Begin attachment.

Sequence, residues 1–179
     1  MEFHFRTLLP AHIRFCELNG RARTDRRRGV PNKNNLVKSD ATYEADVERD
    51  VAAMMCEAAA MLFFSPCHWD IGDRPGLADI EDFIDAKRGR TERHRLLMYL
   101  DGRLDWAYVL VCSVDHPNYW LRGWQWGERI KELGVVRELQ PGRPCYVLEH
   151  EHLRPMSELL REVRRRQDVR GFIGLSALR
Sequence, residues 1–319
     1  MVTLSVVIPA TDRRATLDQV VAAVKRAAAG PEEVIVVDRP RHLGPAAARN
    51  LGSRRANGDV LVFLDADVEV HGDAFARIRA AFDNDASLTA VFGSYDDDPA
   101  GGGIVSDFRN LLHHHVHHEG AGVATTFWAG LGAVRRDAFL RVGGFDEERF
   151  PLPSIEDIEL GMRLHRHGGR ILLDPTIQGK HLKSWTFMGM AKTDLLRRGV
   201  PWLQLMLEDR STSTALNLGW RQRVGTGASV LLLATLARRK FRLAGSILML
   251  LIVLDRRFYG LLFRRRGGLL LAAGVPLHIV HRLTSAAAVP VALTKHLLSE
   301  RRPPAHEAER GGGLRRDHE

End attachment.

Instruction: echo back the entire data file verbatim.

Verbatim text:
Sequence, residues 1–179
     1  MEFHFRTLLP AHIRFCELNG RARTDRRRGV PNKNNLVKSD ATYEADVERD
    51  VAAMMCEAAA MLFFSPCHWD IGDRPGLADI EDFIDAKRGR TERHRLLMYL
   101  DGRLDWAYVL VCSVDHPNYW LRGWQWGERI KELGVVRELQ PGRPCYVLEH
   151  EHLRPMSELL REVRRRQDVR GFIGLSALR
Sequence, residues 1–319
     1  MVTLSVVIPA TDRRATLDQV VAAVKRAAAG PEEVIVVDRP RHLGPAAARN
    51  LGSRRANGDV LVFLDADVEV HGDAFARIRA AFDNDASLTA VFGSYDDDPA
   101  GGGIVSDFRN LLHHHVHHEG AGVATTFWAG LGAVRRDAFL RVGGFDEERF
   151  PLPSIEDIEL GMRLHRHGGR ILLDPTIQGK HLKSWTFMGM AKTDLLRRGV
   201  PWLQLMLEDR STSTALNLGW RQRVGTGASV LLLATLARRK FRLAGSILML
   251  LIVLDRRFYG LLFRRRGGLL LAAGVPLHIV HRLTSAAAVP VALTKHLLSE
   301  RRPPAHEAER GGGLRRDHE